Jimmy Buffett Biography

Born 25 December 1946, Pascogoula, Mississippi, USA, but raised in Mobile, Alabama. Country rock singer Buffett describes his songs as "90 per cent autobiographical", a statement attested to by his narratives of wine, women and song. He is "the son of the son of a sailor", and he describes his grandfather's life in the track "The Captain And The Kid". His father was a naval architect, who often took Buffett on sailing trips. Buffett studied journalism at the University of Southern Mississippi, describing those years and his urge to perform in "Migration". Working as the Nashville correspondent for Billboard magazine, he built up the contacts that led to his 1970 debut for Barnaby Records. The album and a later follow-up were not well produced and the best song was one he re-recorded, "In The Shelter".

 

Jimmy Buffett

Buffett settled in Key West and although initially involved in smuggling, he changed his ways when offered $25,000 to make an album for ABC Records. He went to Nashville, recorded A White Sport Coat And A Pink Crustacean for $10,000 and bought a boat with the remainder. The album included several story-songs about misdemeanors ("The Great Filling Station Holdup", "Peanut Butter Conspiracy"), together with the lazy feel of "He Went To Paris", which was recorded by Waylon Jennings. His humorous "Why Don't We Get Drunk And Screw?" was written under the pseudonym of Marvin Gardens, who made imaginary appearances at Buffett's one-man concerts. Living And Dying In 3/4 Time included his US Top 30 hit "Come Monday". Its ban in the UK by the BBC because of a reference to Hush Puppies shoes led to a shrewd Jonathan King cover version, referring to tennis shoes instead. Buffett's 1974 album, A1A, was named after the access road to the beach in Florida, and he commented, "I never planned to make a whole series of albums about Key West. It was a natural process." Buffett also wrote the music for a movie about cattle rustlers, Rancho Deluxe, scripted by his brother-in-law Tom McGuane. McGuane described Buffett's music as lying "at the curious hinterland where Hank Williams and Xavier Cugat meet', and Buffett was the first person to consistently bring Caribbean rhythms to Nashville. Indeed, David Allan Coe, who recorded an attack on him called "Jimmy Buffett", nevertheless copied his style.

In 1975, Buffett formed the Coral Reefer Band and their first album together, Havana Daydreaming, included a song about the boredom of touring: "This Hotel Room". His next album, arguably his best, Changes In Latitudes, Changes In Attitudes, included the million-selling single US Top 10 hit "Margaritaville". A bitter verse about "old men in tank tops" was initially omitted, but was included on Buffett's irrepressible concert album, You Had To Be There. Buffett reached the US Top 10 with Son Of A Son Of A Sailor, which included "Cheeseburger In Paradise", a US pop hit, and "Livingston Saturday Night", which was featured in the movie FM. Buffett continued to record prolifically, moving over to contemporary rock sounds, but his songs began to lack sparkle. The best tracks on two of his albums were remakes of standards, "Stars Fell On Alabama" and "On A Slow Boat To China". Hot Water, released in 1988, included guest appearances by Rita Coolidge, the Neville Brothers, James Taylor and Steve Winwood, but failed to restore Buffett to the charts.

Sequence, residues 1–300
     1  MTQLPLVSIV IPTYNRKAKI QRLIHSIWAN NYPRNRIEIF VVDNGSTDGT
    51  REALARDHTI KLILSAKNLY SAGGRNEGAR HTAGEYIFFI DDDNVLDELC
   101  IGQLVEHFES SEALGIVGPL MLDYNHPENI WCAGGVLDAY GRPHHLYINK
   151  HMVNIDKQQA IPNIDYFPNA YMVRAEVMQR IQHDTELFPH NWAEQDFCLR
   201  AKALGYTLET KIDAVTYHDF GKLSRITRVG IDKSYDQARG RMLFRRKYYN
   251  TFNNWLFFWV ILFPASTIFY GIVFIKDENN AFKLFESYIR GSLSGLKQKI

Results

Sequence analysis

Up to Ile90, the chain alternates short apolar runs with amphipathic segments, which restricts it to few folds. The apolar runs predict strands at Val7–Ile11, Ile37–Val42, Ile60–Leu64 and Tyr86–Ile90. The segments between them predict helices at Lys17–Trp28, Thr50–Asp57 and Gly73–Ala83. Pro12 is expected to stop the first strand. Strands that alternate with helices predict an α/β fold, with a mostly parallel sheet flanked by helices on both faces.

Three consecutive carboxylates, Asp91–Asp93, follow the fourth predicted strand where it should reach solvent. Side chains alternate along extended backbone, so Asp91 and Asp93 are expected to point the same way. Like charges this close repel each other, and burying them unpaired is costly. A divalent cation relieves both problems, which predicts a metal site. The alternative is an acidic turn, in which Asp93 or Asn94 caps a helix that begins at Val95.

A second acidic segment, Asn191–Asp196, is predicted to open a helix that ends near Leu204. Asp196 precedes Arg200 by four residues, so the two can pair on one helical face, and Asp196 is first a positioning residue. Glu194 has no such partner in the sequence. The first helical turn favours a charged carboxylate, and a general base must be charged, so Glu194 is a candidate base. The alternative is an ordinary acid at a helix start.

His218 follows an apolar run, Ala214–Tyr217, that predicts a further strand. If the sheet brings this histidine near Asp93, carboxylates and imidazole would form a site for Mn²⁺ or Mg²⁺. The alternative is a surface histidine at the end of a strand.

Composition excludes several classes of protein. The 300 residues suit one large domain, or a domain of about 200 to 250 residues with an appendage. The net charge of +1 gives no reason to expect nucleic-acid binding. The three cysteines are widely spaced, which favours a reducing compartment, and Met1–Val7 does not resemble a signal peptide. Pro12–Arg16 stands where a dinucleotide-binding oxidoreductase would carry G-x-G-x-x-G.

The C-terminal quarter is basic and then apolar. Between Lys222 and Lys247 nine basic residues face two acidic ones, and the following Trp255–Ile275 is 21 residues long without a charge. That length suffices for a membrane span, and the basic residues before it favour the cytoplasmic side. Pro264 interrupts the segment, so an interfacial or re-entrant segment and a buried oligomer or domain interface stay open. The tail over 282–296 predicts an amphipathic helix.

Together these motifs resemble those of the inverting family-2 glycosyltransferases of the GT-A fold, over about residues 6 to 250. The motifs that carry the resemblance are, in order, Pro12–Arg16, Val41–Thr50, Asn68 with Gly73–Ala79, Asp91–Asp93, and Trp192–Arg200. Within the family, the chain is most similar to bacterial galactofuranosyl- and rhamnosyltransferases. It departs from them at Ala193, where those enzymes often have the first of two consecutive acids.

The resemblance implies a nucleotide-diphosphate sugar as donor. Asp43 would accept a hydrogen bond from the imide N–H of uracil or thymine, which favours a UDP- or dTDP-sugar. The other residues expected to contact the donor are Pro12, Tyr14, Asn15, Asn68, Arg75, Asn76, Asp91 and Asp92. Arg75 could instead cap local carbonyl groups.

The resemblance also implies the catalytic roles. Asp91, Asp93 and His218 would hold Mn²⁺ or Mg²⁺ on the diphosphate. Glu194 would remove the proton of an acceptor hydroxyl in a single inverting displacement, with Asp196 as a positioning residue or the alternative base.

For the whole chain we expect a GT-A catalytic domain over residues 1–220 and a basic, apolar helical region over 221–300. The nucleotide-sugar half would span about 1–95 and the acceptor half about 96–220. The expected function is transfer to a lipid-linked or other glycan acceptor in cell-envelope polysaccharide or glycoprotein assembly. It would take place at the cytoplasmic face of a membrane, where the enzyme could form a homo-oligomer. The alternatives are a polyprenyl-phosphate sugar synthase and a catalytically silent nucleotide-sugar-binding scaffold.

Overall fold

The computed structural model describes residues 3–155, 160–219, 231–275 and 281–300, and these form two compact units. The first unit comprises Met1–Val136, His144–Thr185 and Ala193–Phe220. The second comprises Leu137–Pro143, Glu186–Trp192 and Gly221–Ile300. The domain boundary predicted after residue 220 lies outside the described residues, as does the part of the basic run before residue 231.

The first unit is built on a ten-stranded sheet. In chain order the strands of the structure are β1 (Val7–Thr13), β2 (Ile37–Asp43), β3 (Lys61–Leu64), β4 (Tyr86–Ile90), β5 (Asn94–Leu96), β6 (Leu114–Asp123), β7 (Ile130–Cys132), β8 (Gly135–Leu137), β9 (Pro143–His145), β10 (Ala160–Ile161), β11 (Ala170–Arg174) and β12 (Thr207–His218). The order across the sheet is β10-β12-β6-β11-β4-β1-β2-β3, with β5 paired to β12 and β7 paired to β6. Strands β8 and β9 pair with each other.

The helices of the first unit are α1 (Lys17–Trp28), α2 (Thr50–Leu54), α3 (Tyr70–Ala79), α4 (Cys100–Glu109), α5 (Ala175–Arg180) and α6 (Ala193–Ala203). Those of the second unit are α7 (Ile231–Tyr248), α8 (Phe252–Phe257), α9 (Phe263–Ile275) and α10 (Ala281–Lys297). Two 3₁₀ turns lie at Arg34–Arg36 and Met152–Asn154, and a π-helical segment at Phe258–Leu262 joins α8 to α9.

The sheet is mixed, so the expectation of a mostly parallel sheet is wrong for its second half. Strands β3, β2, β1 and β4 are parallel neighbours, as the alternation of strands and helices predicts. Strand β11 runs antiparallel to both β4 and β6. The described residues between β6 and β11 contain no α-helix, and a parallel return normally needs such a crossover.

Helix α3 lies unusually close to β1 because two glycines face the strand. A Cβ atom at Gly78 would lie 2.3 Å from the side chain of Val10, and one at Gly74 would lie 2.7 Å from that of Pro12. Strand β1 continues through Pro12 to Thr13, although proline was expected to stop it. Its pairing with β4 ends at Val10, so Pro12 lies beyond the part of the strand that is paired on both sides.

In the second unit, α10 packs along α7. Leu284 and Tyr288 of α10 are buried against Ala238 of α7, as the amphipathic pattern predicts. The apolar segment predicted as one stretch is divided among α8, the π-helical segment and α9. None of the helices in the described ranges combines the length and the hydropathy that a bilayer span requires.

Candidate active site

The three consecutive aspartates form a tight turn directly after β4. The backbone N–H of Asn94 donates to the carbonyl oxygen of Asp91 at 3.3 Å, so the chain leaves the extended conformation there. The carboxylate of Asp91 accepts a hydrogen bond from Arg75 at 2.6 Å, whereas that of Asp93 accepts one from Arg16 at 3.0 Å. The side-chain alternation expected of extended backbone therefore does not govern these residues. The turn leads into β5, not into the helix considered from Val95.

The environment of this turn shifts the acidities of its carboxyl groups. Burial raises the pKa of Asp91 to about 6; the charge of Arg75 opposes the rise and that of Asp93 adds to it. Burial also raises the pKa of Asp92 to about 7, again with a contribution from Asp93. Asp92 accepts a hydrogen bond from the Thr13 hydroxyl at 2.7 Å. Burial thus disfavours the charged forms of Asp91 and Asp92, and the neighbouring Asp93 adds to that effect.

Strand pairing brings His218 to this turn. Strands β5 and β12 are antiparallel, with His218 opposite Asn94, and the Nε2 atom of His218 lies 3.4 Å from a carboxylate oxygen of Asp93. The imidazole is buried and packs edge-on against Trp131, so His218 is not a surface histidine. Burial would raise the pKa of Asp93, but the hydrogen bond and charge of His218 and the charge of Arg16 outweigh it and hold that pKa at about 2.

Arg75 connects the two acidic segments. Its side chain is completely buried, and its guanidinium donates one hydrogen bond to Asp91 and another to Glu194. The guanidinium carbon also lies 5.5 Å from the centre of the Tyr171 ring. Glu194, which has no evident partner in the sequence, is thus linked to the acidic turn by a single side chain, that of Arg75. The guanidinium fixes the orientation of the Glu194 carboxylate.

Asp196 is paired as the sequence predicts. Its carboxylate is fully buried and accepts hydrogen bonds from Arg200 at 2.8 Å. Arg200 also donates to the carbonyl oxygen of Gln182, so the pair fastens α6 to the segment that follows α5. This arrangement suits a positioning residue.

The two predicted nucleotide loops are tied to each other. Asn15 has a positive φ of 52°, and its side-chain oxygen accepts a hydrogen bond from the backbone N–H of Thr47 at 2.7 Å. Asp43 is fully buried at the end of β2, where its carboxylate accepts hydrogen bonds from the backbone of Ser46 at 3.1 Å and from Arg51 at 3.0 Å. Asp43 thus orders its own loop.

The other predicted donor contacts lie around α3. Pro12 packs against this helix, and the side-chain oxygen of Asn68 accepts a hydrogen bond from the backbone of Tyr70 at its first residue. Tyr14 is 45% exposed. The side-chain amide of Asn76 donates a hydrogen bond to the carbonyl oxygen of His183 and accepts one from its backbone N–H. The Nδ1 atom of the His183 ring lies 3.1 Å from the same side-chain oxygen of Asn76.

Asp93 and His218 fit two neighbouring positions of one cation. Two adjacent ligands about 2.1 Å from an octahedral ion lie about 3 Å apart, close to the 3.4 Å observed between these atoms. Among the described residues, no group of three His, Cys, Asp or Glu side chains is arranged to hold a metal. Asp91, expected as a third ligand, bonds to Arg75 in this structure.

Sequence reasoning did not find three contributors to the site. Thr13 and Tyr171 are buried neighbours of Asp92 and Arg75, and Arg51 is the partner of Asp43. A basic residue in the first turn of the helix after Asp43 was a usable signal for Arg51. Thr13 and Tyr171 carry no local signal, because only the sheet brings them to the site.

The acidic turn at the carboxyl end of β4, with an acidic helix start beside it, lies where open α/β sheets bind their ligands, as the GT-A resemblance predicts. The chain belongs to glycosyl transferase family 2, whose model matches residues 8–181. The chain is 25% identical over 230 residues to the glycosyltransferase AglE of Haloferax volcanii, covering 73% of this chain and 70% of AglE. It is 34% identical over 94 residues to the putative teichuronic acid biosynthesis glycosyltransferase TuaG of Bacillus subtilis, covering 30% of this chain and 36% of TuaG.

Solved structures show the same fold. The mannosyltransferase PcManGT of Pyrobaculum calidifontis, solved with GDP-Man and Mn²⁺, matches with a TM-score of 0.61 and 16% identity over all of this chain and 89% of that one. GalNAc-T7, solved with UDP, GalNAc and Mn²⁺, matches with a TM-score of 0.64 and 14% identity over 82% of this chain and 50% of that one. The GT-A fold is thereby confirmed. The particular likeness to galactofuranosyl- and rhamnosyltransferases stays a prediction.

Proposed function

Fruitcakes included two of his most humorous tracks, "Everybody's Got A Cousin In Miama" and "Fruitcakes" itself. The excessive length of both songs (over seven minutes each) indicated that Buffett was ignoring potential radio and video play and merely playing for his fans. Nevertheless, Buffett's commercial fortunes improved in the mid-90s with a series of US Top 10 albums on his custom imprint, Margaritaville (also the name of his store). Carnival was the soundtrack to an adaptation of Herman Wouk's Don't Stop The Carnival, and an interesting stylistic diversion for the singer. In 1999 he launched his own Mailboat label, ending a long association with major labels (Margaritaville was released through Island Records). He also runs Radio Margaritaville, a free-form, 24-hour Internet radio station.

Buffett's songs continue to reflect his Key West lifestyle and to quote "He Went To Paris": "Some of it's tragic and some of it's magic, but I had a good life all the way." He remains a major concert attraction, especially in Florida where he addresses his fans as "Parrotheads". The magnificent 72-track, 4-CD box set Boats Beaches, Bars And Ballads, includes the Parrothead Handbook.

Jimmy Buffett Biography